One concern that we believe is particularly relevant is whether the chosen markers are in linkage disequilibrium with polymorphisms that modify the function or the plasma levels of the LDL protein. For example, the causal effect size of LDL on HDL could differ depending on certain polymorphism in the APOB gene. In this case, Assumption 3 would be violated. While this would invalidate our estimates of effect size, it may not invalidate the qualitative conclusion. That is, if the confidence interval does not include 0, we still have evidence that LDL is causally related to HDL.

With regard to the selection of SNPs as instruments, we have several comments. First, we caution that in this type of study, the polymorphisms used should be justified a priori. Searching through a large number of possible instruments for statistical significance then performing IV analysis within the same data is not an acceptable procedure. Second, the selected polymorphisms should have biological justification as an IV. That is, it should meet Assumptions 1-3 mentioned in the introduction. Third, if there are no polymorphisms that explain a reasonably high percentage of the variance in the cause, then IVs are unlikely to be useful. Our IV estimates have very large confidence intervals. We believe this is ultimately a result of instruments that are weak predictors of LDL levels.

Conclusion

In this paper we suggest a method for performing MR in family data. While we have chosen to use the program ASSOC to implement this method, nearly any statistical test for association between a quantitative trait and a set of polymorphisms could be used. We used ASSOC because it allows for familial correlations while using information all individuals in the family. If concerns about population stratification are raised, a more robust test such as the transmission-disequilibrium test could be used. Our approach is robust to the problem of weak instruments in the sense that it should maintain correct coverage rates. However, it will still have low power. Perhaps the biggest limitation to MR is the need for polymorphisms that explain a large percentage of the variation in a given trait.

Abbreviations

BMI:

Body mass index

GAW16:

Genetic Analysis Workshop 16

HDL:

High-density lipoprotein

IV:

Instrumental variable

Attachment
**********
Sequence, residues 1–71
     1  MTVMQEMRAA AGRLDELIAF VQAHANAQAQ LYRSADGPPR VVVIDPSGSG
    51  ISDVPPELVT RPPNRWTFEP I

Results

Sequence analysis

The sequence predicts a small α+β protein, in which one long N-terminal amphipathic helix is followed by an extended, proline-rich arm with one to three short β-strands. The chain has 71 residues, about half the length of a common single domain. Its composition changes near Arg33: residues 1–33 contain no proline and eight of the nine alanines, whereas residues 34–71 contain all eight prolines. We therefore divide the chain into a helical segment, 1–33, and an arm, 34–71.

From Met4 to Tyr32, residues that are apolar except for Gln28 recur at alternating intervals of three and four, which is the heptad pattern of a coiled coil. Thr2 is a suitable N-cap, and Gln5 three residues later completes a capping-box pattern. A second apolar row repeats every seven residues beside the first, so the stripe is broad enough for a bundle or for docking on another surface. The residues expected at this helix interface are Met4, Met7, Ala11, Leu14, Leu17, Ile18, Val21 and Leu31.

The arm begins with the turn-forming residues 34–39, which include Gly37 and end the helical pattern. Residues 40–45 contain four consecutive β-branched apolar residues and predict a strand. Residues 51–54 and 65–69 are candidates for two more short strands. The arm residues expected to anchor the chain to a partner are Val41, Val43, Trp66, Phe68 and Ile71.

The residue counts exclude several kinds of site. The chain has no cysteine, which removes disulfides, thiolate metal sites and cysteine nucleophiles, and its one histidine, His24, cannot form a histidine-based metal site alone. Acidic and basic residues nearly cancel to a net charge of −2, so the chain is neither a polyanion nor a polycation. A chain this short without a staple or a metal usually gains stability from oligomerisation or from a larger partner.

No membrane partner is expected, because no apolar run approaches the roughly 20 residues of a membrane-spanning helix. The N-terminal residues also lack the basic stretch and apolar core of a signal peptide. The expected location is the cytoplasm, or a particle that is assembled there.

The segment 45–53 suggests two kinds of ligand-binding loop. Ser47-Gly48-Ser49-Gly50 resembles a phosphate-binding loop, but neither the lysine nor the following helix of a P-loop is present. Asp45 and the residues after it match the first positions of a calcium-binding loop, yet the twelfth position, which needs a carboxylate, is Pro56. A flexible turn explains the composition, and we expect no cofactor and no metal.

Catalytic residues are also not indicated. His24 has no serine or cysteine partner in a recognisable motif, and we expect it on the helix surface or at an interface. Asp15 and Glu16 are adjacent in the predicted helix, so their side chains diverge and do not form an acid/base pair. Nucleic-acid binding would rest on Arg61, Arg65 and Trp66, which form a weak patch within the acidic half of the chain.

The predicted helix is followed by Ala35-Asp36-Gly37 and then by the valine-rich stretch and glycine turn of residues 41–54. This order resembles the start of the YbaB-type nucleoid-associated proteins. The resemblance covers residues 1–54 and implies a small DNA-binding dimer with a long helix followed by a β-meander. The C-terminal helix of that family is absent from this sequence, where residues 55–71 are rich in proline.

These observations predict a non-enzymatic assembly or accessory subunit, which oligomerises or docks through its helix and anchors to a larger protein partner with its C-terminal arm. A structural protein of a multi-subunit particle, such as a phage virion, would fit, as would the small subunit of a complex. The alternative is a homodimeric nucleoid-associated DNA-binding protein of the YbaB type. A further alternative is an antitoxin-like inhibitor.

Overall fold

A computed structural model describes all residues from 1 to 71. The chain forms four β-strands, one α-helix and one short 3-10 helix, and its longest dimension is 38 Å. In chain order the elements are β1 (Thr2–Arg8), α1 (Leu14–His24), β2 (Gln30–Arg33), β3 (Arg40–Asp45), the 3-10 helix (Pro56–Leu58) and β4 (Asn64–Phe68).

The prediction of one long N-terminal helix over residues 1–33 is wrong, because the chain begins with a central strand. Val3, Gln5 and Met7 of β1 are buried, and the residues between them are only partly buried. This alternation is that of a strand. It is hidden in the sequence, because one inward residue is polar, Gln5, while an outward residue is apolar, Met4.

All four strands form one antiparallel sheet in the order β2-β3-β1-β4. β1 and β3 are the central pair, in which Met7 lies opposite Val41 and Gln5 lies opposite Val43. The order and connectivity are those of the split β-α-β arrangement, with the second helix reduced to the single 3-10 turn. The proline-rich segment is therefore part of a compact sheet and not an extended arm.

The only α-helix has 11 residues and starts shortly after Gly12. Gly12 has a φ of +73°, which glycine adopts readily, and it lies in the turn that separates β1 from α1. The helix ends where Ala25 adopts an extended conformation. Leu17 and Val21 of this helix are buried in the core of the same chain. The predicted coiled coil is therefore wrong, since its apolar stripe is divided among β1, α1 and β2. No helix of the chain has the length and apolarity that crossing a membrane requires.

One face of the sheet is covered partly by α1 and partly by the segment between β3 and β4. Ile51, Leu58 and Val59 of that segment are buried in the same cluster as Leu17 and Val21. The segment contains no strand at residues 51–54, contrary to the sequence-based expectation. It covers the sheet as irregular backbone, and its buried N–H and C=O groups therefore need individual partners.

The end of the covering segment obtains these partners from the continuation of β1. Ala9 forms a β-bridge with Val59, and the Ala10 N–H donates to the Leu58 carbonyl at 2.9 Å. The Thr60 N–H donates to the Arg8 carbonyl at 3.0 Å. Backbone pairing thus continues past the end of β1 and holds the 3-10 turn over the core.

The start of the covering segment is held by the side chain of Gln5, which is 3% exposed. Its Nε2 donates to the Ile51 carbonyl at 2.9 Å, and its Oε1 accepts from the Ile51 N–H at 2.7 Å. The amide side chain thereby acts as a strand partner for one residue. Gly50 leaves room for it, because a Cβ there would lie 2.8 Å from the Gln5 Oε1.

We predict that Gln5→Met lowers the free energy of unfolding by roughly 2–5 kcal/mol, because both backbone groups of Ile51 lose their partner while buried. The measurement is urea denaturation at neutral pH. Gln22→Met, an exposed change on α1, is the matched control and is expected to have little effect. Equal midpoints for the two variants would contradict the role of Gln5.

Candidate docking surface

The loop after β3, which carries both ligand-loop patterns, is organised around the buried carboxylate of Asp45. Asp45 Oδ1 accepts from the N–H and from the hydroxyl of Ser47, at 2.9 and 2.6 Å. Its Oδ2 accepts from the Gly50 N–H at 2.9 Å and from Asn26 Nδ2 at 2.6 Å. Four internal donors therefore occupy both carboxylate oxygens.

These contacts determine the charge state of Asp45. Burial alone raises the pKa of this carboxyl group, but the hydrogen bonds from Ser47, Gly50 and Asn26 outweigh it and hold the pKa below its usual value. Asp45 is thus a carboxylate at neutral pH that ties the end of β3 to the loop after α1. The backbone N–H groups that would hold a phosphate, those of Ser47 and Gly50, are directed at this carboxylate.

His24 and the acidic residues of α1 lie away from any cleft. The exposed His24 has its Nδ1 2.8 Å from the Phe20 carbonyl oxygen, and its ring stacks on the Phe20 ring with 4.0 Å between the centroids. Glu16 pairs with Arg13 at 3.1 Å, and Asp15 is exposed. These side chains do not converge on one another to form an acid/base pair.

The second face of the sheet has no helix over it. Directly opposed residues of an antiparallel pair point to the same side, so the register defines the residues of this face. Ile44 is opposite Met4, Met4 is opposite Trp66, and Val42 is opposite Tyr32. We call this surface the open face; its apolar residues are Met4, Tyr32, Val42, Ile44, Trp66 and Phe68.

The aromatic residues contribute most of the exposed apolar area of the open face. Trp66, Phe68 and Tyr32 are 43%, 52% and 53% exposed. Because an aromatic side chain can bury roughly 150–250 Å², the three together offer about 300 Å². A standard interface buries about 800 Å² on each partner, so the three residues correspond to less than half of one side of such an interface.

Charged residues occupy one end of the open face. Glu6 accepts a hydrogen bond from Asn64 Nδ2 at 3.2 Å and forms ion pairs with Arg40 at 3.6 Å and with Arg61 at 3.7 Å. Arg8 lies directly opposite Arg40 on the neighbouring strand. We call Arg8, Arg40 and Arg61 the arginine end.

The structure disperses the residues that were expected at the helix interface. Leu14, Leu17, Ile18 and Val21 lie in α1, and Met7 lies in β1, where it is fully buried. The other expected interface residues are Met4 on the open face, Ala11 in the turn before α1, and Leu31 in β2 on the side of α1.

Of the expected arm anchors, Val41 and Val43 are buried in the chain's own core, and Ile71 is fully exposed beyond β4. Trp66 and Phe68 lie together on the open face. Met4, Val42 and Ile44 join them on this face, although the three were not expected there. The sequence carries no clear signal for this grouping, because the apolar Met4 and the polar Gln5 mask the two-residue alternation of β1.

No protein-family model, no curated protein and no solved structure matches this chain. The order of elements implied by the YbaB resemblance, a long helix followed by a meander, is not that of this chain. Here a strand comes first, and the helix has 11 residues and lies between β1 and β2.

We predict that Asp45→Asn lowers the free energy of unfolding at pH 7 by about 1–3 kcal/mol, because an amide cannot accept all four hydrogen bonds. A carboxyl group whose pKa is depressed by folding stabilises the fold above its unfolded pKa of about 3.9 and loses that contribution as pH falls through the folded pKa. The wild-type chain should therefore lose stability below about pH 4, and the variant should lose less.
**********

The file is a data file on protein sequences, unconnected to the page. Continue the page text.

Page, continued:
LDL:

Low-density lipoprotein

MR:

Mendelian randomization

SBP:

Systolic blood pressure

SNP(s):

Single-nucleotide polymorphism

TG:

Triglycerides.

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Acknowledgements

The Genetic Analysis Workshops are supported by NIH grant R01 GM031575 from the National Institute of General Medical Sciences. This work is supported by the National Center for Research Resources (NCRR) Human Genetic Analysis Resource (RR03655) (CG-M), the NCRR Multidisciplinary Clinical Research Career Development Programs Grant (KL2RR024990) (CMS), and National Heart Lung and Blood Institute grant (HL0756) (NJM). Some of the results were obtained using the package S.A.G.E., which is supported by a grant (RR03655) from the NCRR.

This article has been published as part of BMC Proceedings Volume 3 Supplement 7, 2009: Genetic Analysis Workshop 16. The full contents of the supplement are available online at http://www.biomedcentral.com/1753-6561/3?issue=S7.

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Correspondence to Nathan J Morris.

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The authors declare that they have no competing interests.

Authors' contributions

NJM conceived of the statistical method, analyzed the data, and drafted the manuscript. CG-M helped select the traits and advised on the epidemiological aspects of the study. CMS contributed to the statistical development and writing of the paper.

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Morris, N.J., Gray-McGuire, C. & Stein, C.M. Mendelian randomization in family data. BMC Proc 3, S45 (2009). https://doi.org/10.1186/1753-6561-3-S7-S45

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Keywords

  • Instrumental Variable
  • Population Stratification
  • Mendelian Randomization
  • Family Data
  • Genetic Analysis Workshop